img5University of Durham, UK

With a degree in Physiology and a PhD in Psychology, I have spent my career to date studying the neural mechanisms of learning in monkeys, rodents and humans in a variety of forms. My PhD with Prof. David Gaffan at Oxford University examined the role of the primate basal forebrain in memory (e.g. Easton et al, 2002, Cerebral Cortex; Gaffan, Easton & Parker, 2003, J Neurosci) whilst a post-doctoral position at Nottingham University with Prof. Andrew Derrington focused on visual memory in marmosets (e.g. Webb et al, 2002, Vis. Neurosci), before becoming a lecturer there in 2001 and researching the role of context in memory (e.g. Easton & Parker, 2003, Cortex).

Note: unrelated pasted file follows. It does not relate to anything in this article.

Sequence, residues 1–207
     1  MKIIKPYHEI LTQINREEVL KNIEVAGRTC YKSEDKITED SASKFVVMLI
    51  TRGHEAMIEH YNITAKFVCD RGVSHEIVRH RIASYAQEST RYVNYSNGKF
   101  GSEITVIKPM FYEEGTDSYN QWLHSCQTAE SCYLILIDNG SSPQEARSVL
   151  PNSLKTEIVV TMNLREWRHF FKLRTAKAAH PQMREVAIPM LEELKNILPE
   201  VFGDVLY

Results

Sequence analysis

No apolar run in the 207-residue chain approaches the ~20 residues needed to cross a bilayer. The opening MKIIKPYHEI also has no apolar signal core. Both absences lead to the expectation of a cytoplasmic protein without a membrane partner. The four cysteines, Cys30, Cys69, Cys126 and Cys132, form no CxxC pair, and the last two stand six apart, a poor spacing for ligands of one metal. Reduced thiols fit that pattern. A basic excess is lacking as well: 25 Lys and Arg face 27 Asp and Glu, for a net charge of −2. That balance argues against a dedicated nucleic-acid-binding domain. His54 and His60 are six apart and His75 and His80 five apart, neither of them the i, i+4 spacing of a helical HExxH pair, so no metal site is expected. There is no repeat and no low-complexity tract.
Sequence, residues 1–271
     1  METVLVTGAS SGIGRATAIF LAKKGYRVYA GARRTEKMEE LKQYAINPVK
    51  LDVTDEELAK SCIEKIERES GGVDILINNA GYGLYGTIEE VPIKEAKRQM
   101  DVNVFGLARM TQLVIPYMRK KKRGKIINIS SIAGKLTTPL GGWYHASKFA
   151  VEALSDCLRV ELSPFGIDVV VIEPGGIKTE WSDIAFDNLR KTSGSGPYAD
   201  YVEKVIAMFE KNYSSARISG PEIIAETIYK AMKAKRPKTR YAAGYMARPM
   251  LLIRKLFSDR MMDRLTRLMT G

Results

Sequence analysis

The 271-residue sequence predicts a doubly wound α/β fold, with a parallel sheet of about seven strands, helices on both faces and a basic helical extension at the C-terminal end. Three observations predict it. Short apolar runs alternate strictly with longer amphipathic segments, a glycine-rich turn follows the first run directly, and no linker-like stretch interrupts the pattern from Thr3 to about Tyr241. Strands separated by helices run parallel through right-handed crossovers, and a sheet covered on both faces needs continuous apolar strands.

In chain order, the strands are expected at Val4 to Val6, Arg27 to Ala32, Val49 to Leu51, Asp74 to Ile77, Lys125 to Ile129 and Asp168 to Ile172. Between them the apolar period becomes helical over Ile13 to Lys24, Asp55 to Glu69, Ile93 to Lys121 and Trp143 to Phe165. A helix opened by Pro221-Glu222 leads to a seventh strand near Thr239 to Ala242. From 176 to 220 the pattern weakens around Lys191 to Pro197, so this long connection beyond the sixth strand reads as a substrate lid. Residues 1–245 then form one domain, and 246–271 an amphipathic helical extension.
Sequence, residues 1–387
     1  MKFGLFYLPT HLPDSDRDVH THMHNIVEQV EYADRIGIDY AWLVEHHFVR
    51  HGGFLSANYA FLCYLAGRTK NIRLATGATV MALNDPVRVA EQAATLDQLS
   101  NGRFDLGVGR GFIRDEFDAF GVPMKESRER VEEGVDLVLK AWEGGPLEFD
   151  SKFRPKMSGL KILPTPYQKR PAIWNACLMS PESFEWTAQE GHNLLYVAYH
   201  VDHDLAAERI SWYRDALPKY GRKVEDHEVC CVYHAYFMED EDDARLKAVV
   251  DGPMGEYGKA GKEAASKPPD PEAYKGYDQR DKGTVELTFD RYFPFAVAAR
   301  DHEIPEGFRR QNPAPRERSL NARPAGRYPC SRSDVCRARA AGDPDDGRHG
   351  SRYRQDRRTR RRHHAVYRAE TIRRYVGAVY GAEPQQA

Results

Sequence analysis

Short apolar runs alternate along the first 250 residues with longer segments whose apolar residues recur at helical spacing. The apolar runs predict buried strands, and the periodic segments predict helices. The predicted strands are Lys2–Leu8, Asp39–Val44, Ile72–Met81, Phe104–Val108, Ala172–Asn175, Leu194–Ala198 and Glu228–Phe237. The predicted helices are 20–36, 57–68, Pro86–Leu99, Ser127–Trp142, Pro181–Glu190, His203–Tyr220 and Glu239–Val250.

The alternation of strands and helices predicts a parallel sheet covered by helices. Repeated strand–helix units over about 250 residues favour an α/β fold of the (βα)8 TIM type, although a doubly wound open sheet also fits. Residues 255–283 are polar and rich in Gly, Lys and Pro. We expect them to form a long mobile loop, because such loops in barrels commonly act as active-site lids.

Since 2004 I have been at Durham University, where I am now a Reader. Here my research has focused on the mechanisms of episodic memory in rodents (e.g. Eacott, Easton & Zinkivskay, 2005; Learn & Mem; Easton et al, 2011, Hippocampus; Davis et al, 2013, J Alz Dis), and more recently translating these tasks to humans (e.g. Easton, Webster & Eacott, 2012; Learn & Mem). I am currently head of the Learning, Memory and Cognition research group and Director of the newly established Centre for Learning and Memory Processes in Durham. I have experience working with industry, sitting on UK national funding panels (BBSRC, NC3Rs) and am currently an associate editor for Neuroscience and Biobehavioral Reviews. I believe my wide ranging experience would allow me to make a significant contribution to the EBBS.